Fishermen Safe After Boat Burns
Jay Barrett, KMXT – Kodiak
Four Kodiak fishermen are in good shape after being forced to abandon their burning fishing boat five miles south of Sitkinak Island on Sunday morning. Sitkinak Island is south of Kodiak. The crew was long-lining for halibut when the fire occurred.

Demand for Chum Salmon Rising
Melati Kaye, KFSK – Petersburg
Worldwide demand for Chum salmon is on the rise. Once seen only fit for dog food, the pale fish is showing up filleted and dressed, at restaurant chains across the United States. Melati Kaye of station KFSK in Petersburg talked to some industry professionals to find out why the fish are more valued now and where they else they are showing up.

Land-Selection Bill Issue in Murkowski Campaign
Ed Schoenfeld, CoastAlaska – Juneau
The Sealaska lands-selection bill has become an issue in U.S. Senator Lisa Murkowski’s re-election campaign. Primary opponent Joe Miller is attacking the Republican incumbent, saying her bill was crafted in secret and does not respond to regional concerns.

Study Shows Native Alaskans Have Lower Rate of Alcohol Consumption Than Average Adult
Ellen Lockyer, KSKA – Anchorage
National data compiled by a federal mental health agency indicates that American Indians and Native Alaskans have a lower rate of alcohol use than do average adult drinkers.  The Substance Abuse and Mental Health Services Administration has released results of a study indicating that American Indians and Alaska Natives have under a 44 percent rate of at least one drink a month, compared with a 55 percent rate among adult drinkers on average. The study shows that Alaska Native and American Indians have a higher rate of binge drinking than the national average.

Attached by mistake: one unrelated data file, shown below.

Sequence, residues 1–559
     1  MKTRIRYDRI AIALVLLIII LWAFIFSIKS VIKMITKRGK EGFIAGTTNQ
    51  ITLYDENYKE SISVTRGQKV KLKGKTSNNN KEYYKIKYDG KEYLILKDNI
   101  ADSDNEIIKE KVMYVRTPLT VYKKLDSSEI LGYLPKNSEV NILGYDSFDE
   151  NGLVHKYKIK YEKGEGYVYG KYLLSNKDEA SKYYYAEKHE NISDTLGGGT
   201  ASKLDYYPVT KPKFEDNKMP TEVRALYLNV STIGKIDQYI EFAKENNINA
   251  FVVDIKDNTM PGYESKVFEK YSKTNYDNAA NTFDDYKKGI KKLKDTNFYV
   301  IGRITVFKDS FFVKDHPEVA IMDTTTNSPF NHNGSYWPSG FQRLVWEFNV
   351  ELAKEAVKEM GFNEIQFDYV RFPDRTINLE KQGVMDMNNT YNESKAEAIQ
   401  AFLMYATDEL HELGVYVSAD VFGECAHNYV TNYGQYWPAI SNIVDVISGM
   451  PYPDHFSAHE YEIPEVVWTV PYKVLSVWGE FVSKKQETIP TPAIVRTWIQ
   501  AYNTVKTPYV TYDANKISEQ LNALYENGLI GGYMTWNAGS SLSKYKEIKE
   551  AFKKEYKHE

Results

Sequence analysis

The SAMHSA study also shows that eighteen percent of Alaska Natives and American Indians needed treatment for alcohol or drug use problems in the past year, although only one in eight received treatment at a specialty facility.

The study was developed as part of an initiative to integrate data so that policy makers and service providers can better understand substance abuse patterns and treatment needs in different population groups.  SAMSHA’s study also indicates that American Indian and Alaska Natives substance use rates drop in older age groups, following the general national pattern.

Patterns of substance abuse vary among different segments of society, according to SAMSHA administrator Pamela Hyde.  She says the study helps service providers to design programs that are accepted by the community which are appropriate for individual needs.  The SAMSHA study is based on data gathered from 2004 through 2008.

Memorial Service Held for Coast Guard Crew
Ed Ronco, KCAW – Sitka
A memorial service will take place in Sitka tomorrow for three members of a Coast Guard helicopter crew who died last week.

The service will be held at 2:00 p.m. tomorrow at the Coast Guard hangar on Japonski Island. The Coast Guard’s highest ranking officer, Admiral Robert Papp, is scheduled to attend.

Coast Guard Lieutenant Sean Krueger, Petty Officer 1st Class Adam Hoke and Petty Officer 2nd Class Brett Banks died on Wednesday when their helicopter crashed in the water near La Push, Washington.

The survivor of the crash, Lieutenant Lance Leone (lee-OWN-ay), was scheduled to be released from the hospital sometime today, according to Coast Guard spokesman Petty Officer Nathan Bradshaw, at which point he’ll meet with crash investigators.   Bradshaw says there’s no timeline for the investigation to be complete.